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The leader of the largest branch of American Judaism blasted conservative religious activists in a speech Saturday, calling them "zealots" who claim a "monopoly on God" while promoting anti-gay policies akin to Adolf Hitler's.
Rabbi Eric Yoffie, president of the liberal Union for Reform Judaism, said "religious right" leaders believe "unless you attend my church, accept my God and study my sacred text you cannot be a moral person."
"What could be more bigoted than to claim that you have a monopoly on God?" Yoffie told a friendly audience of about 5,000 in his keynote address during the movement's national assembly in Houston, which runs through Sunday.
Yoffie used particularly strong language to condemn conservative attitudes toward homosexuals. He said he understood that traditionalists have concluded gay marriage violates Scripture, but he said that did not justify denying legal protections to same-sex partners and their children.
"We cannot forget that when Hitler came to power in 1933 one of the first things that he did was ban gay organizations," Yoffie said. "Yes, we can disagree about gay marriage. But there is no excuse for hateful rhetoric that fuels the hellfires of anti-gay bigotry."
The Union for Reform Judaism represents about 900 synagogues in North America with an estimated membership of 1.5 million people. Of the three major streams of US Judaism - Orthodox and Conservative are the others - it is the only one that sanctions gay ordination and supports civil marriage for same-gender couples.
Yoffie's lengthy speech first addressed several other issues, and his criticism of conservative religious activists came in the middle. The audience was largely sedate until Yoffie reached that topic and responded with repeated, enthusiastic applause.
Yoffie did not mention evangelical Christians directly in his speech, using the term "religious right" instead. In a separate interview, he said the phrase encompassed conservative activists of all faiths, including within the Jewish community.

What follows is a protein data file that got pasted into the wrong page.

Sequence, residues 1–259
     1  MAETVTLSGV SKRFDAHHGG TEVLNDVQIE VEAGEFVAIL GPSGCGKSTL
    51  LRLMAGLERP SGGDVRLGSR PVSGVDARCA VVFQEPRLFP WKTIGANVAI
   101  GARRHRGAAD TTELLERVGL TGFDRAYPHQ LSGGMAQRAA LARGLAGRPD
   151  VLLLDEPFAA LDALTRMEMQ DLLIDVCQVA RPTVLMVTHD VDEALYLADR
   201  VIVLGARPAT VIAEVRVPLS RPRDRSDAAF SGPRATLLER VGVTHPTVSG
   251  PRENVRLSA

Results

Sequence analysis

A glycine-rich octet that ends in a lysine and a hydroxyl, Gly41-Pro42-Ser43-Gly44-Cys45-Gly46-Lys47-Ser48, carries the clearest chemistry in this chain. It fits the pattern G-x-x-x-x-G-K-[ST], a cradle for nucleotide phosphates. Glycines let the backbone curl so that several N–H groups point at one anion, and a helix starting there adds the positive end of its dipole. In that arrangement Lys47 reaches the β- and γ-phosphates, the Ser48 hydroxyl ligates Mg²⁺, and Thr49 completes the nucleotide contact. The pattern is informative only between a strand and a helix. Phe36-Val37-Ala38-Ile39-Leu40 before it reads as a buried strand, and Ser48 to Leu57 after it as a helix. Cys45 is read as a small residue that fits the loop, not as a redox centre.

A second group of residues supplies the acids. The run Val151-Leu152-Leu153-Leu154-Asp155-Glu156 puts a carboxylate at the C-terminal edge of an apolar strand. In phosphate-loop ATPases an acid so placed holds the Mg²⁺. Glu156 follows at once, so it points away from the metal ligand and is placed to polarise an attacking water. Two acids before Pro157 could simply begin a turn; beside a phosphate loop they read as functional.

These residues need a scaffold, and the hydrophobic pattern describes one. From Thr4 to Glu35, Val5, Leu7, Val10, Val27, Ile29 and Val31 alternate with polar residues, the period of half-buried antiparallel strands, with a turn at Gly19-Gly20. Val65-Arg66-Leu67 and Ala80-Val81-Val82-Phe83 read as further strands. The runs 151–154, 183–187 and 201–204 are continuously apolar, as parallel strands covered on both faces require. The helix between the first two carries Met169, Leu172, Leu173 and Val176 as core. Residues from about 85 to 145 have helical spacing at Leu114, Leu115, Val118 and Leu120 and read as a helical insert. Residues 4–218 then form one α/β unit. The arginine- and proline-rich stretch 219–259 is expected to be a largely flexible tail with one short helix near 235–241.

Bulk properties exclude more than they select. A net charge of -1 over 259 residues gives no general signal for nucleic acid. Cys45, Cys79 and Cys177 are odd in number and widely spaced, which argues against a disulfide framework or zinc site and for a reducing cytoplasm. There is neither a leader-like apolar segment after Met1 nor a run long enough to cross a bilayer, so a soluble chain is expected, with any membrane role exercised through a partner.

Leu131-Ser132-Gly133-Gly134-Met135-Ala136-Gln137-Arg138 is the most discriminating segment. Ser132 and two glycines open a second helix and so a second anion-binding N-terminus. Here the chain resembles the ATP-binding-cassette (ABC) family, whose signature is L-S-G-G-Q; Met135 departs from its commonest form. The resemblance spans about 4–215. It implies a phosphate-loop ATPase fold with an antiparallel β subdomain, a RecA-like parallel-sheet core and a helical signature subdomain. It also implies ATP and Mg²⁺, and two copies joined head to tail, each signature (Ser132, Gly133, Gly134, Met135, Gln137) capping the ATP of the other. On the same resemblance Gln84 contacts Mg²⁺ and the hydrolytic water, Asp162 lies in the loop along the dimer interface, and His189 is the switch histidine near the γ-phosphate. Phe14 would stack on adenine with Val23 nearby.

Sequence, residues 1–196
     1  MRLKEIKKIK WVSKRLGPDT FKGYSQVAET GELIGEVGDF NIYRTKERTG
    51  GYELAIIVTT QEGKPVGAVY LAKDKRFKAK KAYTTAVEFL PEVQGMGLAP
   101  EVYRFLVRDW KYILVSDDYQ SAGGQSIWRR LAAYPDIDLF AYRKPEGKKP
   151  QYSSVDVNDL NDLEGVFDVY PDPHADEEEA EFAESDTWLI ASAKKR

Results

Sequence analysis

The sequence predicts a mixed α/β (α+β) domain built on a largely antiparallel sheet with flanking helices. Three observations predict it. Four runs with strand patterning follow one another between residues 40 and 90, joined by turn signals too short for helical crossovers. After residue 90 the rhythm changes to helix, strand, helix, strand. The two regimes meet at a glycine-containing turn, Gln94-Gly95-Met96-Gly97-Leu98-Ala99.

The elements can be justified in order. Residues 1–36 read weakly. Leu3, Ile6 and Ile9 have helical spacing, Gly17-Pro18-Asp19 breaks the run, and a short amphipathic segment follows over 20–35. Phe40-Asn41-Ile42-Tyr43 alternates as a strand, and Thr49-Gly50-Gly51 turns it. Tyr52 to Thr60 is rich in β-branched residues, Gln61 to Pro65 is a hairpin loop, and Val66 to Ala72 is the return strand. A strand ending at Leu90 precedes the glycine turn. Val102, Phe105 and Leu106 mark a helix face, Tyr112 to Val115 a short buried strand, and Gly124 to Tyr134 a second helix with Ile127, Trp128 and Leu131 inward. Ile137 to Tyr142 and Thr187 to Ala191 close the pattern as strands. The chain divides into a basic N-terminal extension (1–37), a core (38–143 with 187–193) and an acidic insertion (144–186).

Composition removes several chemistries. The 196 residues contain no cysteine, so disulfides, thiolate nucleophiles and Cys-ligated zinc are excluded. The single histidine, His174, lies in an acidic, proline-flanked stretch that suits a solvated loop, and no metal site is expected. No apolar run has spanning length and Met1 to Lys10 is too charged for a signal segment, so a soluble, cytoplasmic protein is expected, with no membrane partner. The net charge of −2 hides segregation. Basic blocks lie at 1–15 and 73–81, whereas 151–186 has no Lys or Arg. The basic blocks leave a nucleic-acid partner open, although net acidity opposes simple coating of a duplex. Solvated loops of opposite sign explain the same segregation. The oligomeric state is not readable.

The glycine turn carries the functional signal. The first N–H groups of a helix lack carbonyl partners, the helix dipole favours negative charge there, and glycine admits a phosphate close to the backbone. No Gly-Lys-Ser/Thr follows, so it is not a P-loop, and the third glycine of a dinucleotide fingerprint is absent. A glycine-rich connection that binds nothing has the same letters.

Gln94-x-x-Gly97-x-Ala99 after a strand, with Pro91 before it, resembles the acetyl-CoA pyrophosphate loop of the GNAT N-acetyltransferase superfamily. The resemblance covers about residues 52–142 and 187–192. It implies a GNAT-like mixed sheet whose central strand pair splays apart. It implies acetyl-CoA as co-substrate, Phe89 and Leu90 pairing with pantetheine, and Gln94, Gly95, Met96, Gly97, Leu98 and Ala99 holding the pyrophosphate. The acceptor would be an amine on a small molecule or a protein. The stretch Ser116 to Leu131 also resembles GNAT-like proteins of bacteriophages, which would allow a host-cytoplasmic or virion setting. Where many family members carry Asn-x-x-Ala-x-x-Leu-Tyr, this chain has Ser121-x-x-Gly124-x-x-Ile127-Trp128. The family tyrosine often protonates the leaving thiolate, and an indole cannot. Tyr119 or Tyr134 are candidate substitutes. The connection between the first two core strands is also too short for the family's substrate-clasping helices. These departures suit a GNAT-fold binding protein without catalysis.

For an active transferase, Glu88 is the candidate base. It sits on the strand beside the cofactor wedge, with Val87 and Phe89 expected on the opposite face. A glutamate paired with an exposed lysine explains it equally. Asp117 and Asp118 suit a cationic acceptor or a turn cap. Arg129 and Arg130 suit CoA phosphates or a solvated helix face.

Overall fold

Yoffie said the activists have little understanding of the liberal religious community, which he insisted also grounds its beliefs in biblical teaching. "We study religious texts day and night, but we have no direct lines to heaven and we aren't always sure that we know God's will," he said. "We bring a measure of humility to our religious belief."
Yoffie said liberals and conservatives share some concerns, such as the potential damage to children from violent or highly sexual TV shows and other popular media. But he said, overall, conservatives too narrowly define family values, making a "frozen embryo in a fertility clinic" more important than a child, and ignoring poverty and other social ills.
"When they cloak themselves in religion and forget mercy, it strikes us as blasphemy," Yoffie said, urging a renewal of religious tolerance in the United States. "We need beware the zealots who want to make their religion the religion of everyone else."
One attendee, Judy Weinman of Troy, New York, said she thought Yoffie was "right on target."
"He reminded us of where we have things in common and where we're different," she said.
Yoffie also urged lawmakers to model themselves on presidential candidate John F. Kennedy, who famously told a Houston clergy group on the campaign trail in 1960 that a president should not make policy based on his religion.
On other topics, Yoffie asked Reform synagogues to do more to hold onto members, who often leave after their children go to college. He also said the Reform movement, which is among the most accepting of non-Jewish spouses, should make a greater effort to invite the spouses to convert to Judaism.
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